“Name it.”


“You will allow all of the Erebor dwarves to return should they wish so, their ancestral homes and possessions restored to them. If you want to be King of the Mountain you have to do right by the Mountain’s people.”


Daín visibly relaxed at this demand. “You have my word, Kili. A King doing less would be stupid. Your people have proven time and again their strength.”


“Kili… no.” Balin tried to intervene. “you can’t let him get away with this.”


“He already has, Balin.” Kili turned to him. “my friend… he could as easily burry us beside Thorin and go on with his schemes. My Uncle wanted to give our people back their home. He wanted them to be proud once more, to no longer live in foreign lands, homeless and scorned among men. You, your brother…you all faced death, danger and horrors beside him, out of loyalty, out of friendship… you deserve to gain back what was taken from you so long ago.”


Awed Balin looked up at the young dwarf. Where was the mischievous boy? The young wild archer? He had been burned away by fire, by battle and by grief, leaving a young solemn warrior – a young Prince. “I would rather live out the rest of my life in the Ered Luin than under the rule of one who stole the throne from your family, my Prince.”


Dwalin nodded approvingly. “He is right, Kili. I won’t have anything to do with that maggot – and neither will the others.”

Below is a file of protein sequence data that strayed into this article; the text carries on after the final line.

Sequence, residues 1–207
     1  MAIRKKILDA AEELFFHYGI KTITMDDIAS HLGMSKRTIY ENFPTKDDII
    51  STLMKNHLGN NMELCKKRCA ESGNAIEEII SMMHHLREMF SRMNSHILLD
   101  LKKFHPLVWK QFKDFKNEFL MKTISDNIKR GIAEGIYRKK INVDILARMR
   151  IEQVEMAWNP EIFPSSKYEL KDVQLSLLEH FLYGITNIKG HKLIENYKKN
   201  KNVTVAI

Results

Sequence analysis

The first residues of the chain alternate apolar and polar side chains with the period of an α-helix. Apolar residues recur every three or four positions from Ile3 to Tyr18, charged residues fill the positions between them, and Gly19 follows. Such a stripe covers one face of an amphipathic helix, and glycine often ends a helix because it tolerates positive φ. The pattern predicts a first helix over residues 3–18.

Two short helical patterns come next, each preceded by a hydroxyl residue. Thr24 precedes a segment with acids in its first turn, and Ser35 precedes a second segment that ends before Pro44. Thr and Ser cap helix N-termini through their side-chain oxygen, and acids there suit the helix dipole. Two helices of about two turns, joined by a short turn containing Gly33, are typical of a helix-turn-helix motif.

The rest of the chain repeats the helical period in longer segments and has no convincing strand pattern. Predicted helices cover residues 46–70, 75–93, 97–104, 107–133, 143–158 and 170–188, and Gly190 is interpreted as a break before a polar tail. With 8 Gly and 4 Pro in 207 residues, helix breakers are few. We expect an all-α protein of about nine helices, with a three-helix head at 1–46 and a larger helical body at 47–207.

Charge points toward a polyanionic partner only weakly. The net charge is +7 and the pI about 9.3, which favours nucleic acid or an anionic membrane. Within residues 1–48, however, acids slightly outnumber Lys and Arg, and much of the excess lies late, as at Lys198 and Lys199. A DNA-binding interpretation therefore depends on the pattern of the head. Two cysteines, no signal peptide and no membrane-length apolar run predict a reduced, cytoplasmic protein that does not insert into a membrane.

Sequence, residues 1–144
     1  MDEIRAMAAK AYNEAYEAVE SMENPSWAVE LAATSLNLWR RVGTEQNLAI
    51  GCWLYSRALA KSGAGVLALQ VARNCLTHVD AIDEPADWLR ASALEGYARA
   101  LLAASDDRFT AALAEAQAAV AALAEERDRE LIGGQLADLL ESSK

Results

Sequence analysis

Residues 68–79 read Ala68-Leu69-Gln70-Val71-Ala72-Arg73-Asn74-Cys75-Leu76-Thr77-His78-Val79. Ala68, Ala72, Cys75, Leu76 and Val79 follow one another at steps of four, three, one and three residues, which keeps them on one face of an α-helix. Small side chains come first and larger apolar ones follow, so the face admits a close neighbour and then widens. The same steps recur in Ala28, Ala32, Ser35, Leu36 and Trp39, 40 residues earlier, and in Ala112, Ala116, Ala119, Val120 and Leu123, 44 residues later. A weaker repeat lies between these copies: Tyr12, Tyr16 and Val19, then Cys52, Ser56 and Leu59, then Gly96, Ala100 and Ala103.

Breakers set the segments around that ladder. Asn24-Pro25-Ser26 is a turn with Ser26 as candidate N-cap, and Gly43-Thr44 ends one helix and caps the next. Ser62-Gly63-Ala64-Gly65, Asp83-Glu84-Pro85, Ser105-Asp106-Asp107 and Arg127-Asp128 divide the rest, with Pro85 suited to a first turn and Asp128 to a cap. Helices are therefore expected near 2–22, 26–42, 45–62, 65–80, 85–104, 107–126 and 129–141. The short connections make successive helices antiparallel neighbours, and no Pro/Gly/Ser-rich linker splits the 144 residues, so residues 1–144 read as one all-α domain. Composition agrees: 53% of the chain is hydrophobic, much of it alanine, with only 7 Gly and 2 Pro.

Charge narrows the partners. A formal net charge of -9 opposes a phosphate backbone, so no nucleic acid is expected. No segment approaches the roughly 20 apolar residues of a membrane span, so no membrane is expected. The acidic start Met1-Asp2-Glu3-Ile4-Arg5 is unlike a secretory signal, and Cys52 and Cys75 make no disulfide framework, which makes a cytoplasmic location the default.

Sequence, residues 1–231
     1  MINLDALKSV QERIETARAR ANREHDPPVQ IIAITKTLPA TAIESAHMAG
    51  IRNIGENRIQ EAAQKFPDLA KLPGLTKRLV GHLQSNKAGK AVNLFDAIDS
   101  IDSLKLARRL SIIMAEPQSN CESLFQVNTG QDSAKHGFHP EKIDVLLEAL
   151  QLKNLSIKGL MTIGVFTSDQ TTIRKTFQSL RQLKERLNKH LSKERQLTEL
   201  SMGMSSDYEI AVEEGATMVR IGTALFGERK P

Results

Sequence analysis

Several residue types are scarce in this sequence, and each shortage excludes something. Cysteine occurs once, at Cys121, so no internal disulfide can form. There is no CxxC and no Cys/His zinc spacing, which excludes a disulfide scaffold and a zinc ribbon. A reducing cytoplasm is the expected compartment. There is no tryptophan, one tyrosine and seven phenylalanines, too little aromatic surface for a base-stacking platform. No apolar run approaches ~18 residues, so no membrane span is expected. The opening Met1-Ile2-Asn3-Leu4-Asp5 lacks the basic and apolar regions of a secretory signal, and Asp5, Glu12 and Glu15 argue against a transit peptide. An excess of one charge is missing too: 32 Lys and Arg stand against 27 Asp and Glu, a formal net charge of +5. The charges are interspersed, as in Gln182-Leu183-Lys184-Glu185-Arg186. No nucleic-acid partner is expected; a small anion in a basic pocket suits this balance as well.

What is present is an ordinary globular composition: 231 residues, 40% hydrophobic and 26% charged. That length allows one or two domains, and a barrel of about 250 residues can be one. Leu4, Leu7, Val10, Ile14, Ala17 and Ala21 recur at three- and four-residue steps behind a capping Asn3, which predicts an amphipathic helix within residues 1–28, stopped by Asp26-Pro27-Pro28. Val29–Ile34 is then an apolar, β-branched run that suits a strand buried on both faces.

Deeply touched by their unwavering loyalty, Kili still had to caution them. “Leave the others their own choice,” he insisted.


Daín weighed what he had just heard. He had hoped that his rule would be uncontested but it seemed Thorin’s house still had a stubborn following. It was something to keep an eye out for in years to come. “Most will chose more wisely,” he said acidly, unable to resist to put a hit or two on that noble façade the young one put up. “they will know where their gold and home is.” He turned walking off stiffly.


Bard turned aside seeing Thranduil was leaving. “That was the single most coldest thing I have seen in a long time.” He said to himself before he approached the three dwarves.


“And what would you want?” Dwalin was not in the mood to hear any more.


“I will not intrude upon you long,” Bard spoke swiftly, he could see the warrior’s patience was already wearing thin. His eyes sought Kili’s gaze. “Your family had a long feud with Smaug and even as I was the one to strike him down – you should have this.” With these words he handed Kili one long glittering dragon’s fang.


Closing his hand over the icy cold fang, Kili inclined his head. “You have my thanks, Bard of Laketown. And I wish you luck in rebuilding your city.”


Bard’s eyes grew thoughtful. “It seems we have a new King under the Mountain to watch out for. I fear there will be many a day when even I shall wish your Uncle had survived.” With this he bowed slightly and left the gravesite.


A cold wind rose from the east sweeping across the mountain and the valley below, snow began slowly to fall from heavy grey clouds. Dwalin’s eyes went to the far of ridge of mountains to the west. It would be a long way home.